A former Managing Director of the Nigerian Airspace Management Agency, Roland Iyayi, on Friday said airlines operating in the country are in a destructive competition.
Mr. Iyayi made the assertion while speaking at a conference on “90 Years of Aviation in Nigeria’’ in Lagos.
The conference was part of activities to mark the first flight in Nigeria which flew from Cairo to Kano on Nov. 1, 1925.
He said the airlines had not been able to maximise the huge potential of the aviation sector in generating employment and contributing to the country’s Gross Domestic Product.
Mr. Iyayi, who is the Managing Director of Topbrass Aviaton, said Nigeria currently boasts of 15 million travelling passengers out of a population of 170 million which accounts for only 10 per cent.
According to him, out of the 26 airports in the country, 80.2 per cent of the total traffic passes through the Abuja, Lagos and Port Harcourt Airports.
“I scarcely see any major airline in the country today that will survive the next three years except that there is a major injection of capital.
“The promoters of airlines don’t take time to study the market. So, they need to think outside the box and find new ways to make the industry to grow,’’ he said.
Mr. Iyayi also advised the government to enact policies that would support the growth of the sector, including the establishment of a strong national carrier like the defunct Nigerian Airways.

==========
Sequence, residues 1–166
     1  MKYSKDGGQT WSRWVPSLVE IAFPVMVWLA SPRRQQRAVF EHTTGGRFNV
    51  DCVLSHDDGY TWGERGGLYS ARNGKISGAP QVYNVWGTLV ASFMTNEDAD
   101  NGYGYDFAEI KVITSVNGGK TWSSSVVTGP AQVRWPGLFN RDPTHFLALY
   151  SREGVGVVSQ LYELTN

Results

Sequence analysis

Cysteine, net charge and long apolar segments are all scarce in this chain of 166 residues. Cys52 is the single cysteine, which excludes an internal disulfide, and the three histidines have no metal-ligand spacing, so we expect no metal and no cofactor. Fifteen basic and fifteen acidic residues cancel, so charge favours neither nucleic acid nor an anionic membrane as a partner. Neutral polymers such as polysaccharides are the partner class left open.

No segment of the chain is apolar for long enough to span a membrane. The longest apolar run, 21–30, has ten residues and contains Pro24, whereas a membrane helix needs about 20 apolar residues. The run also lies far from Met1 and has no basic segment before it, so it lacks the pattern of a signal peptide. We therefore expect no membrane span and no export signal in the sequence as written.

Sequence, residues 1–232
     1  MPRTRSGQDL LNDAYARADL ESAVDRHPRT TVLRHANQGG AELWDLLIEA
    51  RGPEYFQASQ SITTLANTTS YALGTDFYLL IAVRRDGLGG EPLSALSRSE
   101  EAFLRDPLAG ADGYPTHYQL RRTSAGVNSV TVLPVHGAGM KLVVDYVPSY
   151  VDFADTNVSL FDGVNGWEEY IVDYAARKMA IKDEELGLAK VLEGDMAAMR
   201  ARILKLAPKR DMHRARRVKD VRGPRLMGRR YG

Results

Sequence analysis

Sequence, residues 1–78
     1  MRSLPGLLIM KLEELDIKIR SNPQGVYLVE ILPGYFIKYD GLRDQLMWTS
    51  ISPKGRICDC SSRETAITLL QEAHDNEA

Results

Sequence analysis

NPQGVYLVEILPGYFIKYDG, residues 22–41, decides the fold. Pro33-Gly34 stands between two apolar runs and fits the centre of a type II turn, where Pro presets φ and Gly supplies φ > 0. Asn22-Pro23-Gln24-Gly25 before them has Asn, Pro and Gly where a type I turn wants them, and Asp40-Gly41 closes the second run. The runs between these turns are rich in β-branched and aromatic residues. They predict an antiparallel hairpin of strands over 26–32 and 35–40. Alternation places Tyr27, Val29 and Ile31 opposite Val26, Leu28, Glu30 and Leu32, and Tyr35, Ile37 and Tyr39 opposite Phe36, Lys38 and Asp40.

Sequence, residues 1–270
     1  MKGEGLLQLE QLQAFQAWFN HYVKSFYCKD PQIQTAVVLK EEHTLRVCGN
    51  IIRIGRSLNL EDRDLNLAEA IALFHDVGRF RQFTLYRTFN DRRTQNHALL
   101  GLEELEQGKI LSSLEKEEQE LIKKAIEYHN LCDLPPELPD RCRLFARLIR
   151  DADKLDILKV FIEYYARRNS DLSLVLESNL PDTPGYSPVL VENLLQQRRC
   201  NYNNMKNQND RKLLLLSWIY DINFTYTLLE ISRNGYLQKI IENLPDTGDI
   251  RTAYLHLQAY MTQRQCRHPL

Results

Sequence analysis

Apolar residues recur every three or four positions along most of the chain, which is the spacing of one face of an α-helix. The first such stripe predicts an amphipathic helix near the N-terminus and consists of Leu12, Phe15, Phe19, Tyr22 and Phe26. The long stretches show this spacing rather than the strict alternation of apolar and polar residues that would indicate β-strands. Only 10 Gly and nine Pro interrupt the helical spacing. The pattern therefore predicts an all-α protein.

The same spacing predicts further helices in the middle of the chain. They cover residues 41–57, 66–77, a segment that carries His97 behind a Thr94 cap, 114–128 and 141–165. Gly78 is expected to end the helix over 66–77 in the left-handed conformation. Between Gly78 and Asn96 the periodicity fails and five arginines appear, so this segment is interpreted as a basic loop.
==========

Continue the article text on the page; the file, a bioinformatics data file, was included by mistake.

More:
The Director-General of the Nigerian Civil Aviation Authority, Muhtar Usman, said the authority was strengthening its regional offices to effectively perform its oversight functions.
“I think in 90 years, Nigeria aviation has contributed immensely to the GDP but we can do better,’’ Mr. Usman said.
The director-general who was represented by the NCAA’s Director of Administration, Aba Ejembi, however, said Nigerians should be dissuaded from seeing air travelling as an elitist thing.
On his part, Nogie Meggison, President, Airline Operators of Nigeria, urged the government to provide infrastructure and enabling environment for the aviation sector to grow.
Mr. Meggison said the aviation sector was only contributing four per cent to the country’s GDP, while that of Ethiopia was contributing 26 per cent.